Fertility is fundamental to human life and the impairment of fertility, like many diseases, is an epidemic plaguing much of the developed world. The latest Singapore Census 2020 has found a continued decline in Total Fertility Rate to 1.1 (note: a minimum of 2.0 is required to replace our own population). As a society, the failure to produce more babies is a result of many factors, including the personal choice not to have children. However, for those couples who actively attempt to conceive but to no avail, they face the medical disease — infertility. About 80-90% of (young) healthy fertile couples will conceive within one year if they have intercourse regularly without contraception; half of the remaining 10-20% will be able to conceive in the second year of trying, that leaves about 5-10% of couple in need of medical help for infertility.
What determines fertility for a couple?
So, what is infertility? By definition, it is the inability of a couple to conceive naturally through normal sexual activity, after 1-2 years of trying. For younger women under 35 years of age, up to 2 years of trying may be considered, whereas the older woman above 35 years old should not try for too long before seeking help (in general, they should see a specialist if there is no success after 1 year or less). This is because aging is an irreversible insult to fertility, hence women of different age groups should be attended to with different levels of urgency.
The above does not apply to couples who have known impediments to their fertility; they should see a suitable fertility specialist to start treatment (or at least monitoring) immediately.
The Big 5
Infertility as a disease, baffles even the medically-trained, let alone the lay person. In order to break down this complex condition for easier understanding, the factors that affect fertility may be grouped into 5 categories: Egg, Sperm, Womb, Tubes and Pelvis.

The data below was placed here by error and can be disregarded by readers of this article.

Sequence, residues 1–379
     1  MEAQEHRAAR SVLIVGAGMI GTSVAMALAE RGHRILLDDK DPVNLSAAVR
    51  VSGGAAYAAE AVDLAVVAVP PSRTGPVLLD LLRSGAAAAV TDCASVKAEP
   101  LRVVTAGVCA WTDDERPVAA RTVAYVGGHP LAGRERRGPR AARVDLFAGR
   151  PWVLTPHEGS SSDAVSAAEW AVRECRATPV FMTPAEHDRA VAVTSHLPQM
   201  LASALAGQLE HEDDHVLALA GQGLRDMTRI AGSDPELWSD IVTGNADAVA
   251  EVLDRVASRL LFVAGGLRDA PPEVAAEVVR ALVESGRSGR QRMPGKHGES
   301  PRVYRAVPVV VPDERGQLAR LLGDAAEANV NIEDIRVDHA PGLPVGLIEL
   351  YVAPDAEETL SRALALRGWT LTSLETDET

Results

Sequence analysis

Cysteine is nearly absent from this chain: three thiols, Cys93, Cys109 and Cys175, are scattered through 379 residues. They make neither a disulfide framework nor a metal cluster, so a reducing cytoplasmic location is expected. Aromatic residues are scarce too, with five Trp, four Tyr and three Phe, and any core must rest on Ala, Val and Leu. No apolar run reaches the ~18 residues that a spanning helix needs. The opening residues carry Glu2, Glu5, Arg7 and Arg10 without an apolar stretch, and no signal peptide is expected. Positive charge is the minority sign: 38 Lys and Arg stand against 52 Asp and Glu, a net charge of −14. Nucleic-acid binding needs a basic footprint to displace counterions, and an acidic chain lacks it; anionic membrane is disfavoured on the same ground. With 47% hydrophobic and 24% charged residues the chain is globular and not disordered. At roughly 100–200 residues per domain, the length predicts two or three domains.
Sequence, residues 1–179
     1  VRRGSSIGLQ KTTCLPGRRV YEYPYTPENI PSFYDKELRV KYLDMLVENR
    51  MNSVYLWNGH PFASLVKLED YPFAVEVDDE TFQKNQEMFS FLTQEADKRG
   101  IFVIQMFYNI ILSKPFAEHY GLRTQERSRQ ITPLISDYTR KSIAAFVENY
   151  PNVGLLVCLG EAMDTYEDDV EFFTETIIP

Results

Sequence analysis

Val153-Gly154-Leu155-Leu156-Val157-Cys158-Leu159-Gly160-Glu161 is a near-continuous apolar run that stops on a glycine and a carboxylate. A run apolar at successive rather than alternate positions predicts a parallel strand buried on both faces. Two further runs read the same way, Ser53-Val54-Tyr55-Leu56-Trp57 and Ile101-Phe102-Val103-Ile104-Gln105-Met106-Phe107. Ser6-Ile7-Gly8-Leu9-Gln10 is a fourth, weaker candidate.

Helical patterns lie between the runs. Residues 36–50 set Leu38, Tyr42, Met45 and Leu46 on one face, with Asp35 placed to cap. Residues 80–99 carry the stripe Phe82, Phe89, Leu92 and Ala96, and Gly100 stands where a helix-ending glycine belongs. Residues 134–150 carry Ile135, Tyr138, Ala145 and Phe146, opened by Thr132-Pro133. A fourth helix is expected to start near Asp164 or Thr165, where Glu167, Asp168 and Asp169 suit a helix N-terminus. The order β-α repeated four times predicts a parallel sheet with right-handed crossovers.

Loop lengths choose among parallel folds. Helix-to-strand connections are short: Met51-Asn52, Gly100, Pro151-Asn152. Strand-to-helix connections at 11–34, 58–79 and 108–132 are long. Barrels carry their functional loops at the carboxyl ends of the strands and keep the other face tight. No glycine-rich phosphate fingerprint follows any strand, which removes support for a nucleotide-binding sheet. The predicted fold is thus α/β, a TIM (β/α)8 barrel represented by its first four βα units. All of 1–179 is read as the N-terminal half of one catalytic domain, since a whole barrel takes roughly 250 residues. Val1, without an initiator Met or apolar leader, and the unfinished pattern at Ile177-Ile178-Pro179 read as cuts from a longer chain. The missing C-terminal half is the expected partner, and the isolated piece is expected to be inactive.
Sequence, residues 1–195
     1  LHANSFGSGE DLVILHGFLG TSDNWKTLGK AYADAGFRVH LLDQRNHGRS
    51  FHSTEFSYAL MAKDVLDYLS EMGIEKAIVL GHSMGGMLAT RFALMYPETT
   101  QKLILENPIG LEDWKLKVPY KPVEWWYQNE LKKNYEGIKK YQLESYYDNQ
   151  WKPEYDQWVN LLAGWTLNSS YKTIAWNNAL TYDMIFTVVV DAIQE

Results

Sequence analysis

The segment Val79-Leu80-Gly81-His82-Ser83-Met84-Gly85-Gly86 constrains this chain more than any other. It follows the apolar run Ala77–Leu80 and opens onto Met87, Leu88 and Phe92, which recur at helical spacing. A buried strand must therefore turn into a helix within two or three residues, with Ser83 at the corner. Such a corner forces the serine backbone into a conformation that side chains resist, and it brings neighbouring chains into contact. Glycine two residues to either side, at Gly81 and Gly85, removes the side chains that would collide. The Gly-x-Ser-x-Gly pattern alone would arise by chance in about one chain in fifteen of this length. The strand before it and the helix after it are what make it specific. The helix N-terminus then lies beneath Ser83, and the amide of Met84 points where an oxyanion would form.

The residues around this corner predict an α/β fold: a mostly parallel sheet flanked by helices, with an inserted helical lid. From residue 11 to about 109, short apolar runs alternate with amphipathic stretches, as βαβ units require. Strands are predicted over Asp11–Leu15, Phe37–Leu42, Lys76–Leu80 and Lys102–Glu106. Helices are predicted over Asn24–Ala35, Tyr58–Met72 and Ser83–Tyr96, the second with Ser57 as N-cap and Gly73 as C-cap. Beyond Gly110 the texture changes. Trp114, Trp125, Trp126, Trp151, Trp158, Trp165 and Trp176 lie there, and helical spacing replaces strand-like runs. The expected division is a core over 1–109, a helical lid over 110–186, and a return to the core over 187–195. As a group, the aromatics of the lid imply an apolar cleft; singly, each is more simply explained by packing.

All the eggs that a woman will ever have are stored in her ovaries, in an immature form. After puberty, these eggs will be “recruited” in batches every month to be matured and ovulated (released for fertilisation). It is important to know if the amount of egg reserve is adequate to see the woman through her reproductive life and also whether the ovulation “mechanism” is working well to ensure an egg is released every month.
Being the only measurable contribution by the male partner, the sperm count is an essential tool to evaluate the reproductive health of the male. We are interested to know if the amount of sperm produced in each ejaculate is adequate, the ability of each sperm to swim (towards the egg) and their shape (quality).
This is the vessel that will carry the pregnancy. Any disruptions to the womb wall (fibroids, adenomyoma, etc) and the womb lining (denudation, polyps, scarring, etc) will affect the ability to carry a pregnancy.
The fallopian tubes are appendages of the womb that allows the sperm to swim towards the ovaries (eggs) and to transport the fertilised egg back to the womb for implantation. These delicate structures are crucial for natural pregnancy, but are easily damaged / blocked by medical conditions of the pelvis.